The sun beat down on four black heads as one minute passed, and then another. Kerry shrugged and kicked the Harley to life again, the enormous vee-engine booming like a bitch over the thistle-studded paddocks.

‘Well suit yerself bunji. I’m not sitting here getting cooked to death.’

With a last suspicious glance at her the crow took two fast hops and then was airborne. Its so-called friends took off as well, bullying and chiacking each other all the way across the paddock to the dead gum standing by the creek.

Kerry sat for another troubled moment, feeling certain the crow was going to spend several hideous days before starvation claimed it. But she hadn’t ridden three hours to worry about a doomed waark. She was here to deliver her final goodbye to Pop, and then fuck off quick bloody smart back over the border to Queensland, well away from anything resembling Durrongo.

 

REVVING THE THROTTLE, she looked straight in front of her, down a long gravel driveway to the house that jack shit built. It huddled beneath the spreading arms of a large leopard tree. Same old fibro walls. Same old iron roof with rust creeping into a few more panels each wet season. The lawn bore a lopsided mohawk from where the mower had died or been stolen or where Ken had run out of the minimal motivation he’d had to begin with. Gazing at the front verandah where the old nickel bath used to live, Kerry felt her scalp begin to itch. She hauled her helmet off and scratched furiously at her sweaty head.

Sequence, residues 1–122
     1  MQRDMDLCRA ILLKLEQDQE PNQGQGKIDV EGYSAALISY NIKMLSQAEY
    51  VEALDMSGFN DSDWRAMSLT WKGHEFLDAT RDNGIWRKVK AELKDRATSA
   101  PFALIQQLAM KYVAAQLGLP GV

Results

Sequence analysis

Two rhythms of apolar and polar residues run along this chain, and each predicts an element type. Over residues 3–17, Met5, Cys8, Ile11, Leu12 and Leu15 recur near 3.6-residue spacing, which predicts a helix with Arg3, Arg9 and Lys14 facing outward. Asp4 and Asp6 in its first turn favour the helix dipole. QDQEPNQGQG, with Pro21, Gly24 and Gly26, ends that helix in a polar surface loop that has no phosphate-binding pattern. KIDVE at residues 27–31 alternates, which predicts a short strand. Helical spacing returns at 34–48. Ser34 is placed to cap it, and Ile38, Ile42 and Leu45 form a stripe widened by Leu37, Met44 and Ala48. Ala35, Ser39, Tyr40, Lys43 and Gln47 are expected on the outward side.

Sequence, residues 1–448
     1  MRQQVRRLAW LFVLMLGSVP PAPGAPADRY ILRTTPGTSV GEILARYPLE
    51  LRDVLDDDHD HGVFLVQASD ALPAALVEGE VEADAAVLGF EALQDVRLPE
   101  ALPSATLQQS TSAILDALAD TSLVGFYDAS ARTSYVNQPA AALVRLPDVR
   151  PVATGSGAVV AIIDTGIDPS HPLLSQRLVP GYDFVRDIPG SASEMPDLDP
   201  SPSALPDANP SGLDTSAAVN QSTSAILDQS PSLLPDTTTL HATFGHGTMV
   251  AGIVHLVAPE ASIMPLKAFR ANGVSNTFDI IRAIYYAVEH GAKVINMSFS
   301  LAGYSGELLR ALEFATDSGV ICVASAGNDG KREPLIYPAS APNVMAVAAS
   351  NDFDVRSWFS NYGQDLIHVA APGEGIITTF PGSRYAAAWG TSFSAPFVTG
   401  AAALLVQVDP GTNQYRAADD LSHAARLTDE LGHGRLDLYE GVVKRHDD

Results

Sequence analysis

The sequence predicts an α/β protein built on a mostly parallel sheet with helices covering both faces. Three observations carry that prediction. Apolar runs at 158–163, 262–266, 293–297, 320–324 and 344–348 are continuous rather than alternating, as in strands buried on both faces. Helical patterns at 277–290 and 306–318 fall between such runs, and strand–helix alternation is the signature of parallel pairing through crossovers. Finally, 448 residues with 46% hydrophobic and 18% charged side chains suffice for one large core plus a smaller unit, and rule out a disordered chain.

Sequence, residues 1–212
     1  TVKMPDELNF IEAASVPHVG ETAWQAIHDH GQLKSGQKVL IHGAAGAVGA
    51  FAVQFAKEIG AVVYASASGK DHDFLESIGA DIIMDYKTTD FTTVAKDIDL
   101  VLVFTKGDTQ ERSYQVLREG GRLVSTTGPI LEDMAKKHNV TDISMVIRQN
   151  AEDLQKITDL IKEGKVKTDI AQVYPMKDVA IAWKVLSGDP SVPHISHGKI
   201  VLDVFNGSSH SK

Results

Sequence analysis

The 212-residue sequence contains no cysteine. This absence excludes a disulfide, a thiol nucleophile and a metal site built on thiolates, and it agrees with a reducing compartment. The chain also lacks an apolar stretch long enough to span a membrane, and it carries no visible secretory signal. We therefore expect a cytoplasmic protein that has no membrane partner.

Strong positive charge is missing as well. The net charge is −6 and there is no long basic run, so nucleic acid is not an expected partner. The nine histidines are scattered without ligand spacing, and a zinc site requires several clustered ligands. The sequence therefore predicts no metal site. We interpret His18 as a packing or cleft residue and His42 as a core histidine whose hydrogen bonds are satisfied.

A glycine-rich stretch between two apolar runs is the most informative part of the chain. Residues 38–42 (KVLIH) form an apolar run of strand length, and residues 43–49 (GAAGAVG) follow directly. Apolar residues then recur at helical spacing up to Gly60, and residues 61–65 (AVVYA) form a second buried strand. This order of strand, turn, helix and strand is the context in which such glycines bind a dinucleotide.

Ken still hadn’t replaced the busted louvre beside the front door. More accurately, Kerry squinted, he’d replaced it with a strip of roughly hacked ply, and this had become a permanent memorial to the window his stubby had flown through upon discovering a $125 council parking fine in the mail. The offending XD Falcon stood rotting in exactly the same spot Kerry had seen it last Christmas. Beside it another two old bombs kept the XD company. Kerry guffawed. Jerry, she thought, still scratching the long-dead nits of childhood, they shoulda named him Jerry – everything the prick does is Jerry-built. My biggest blue-eyed brother. Such a fucking boon to the tribe.

Suddenly not caring about the local gossips and their hurricane tongues – for she would be long gone this time tomorrow – Kerry revved the hog. In their distant gum tree, the crows cawed in mocking response. Kerry revved the bike again, louder, and gave an evil grin. That’s a warning to yez all. Big dorrie locals, paranoid crows, dead brown snakes, the big brothers of the world. Or maybe it’s just a real deadly welcome home to meself. Cos ready or not, here I come. She threaded her helmet onto her left forearm and released the clutch. Plummeted down the drive to where Pretty Mary was continuing her life’s work cursing the inhabitants of Durrongo, as if anyone with two eyes in their head couldn’t have told her the fucking place was cursed to hell and back already.

 

This is an edited extract from the novel Too Much Lip, to be published by UQP later this year.


From Griffith Review Edition 60: First Things First © Copyright Griffith University & the author.

Griffith Review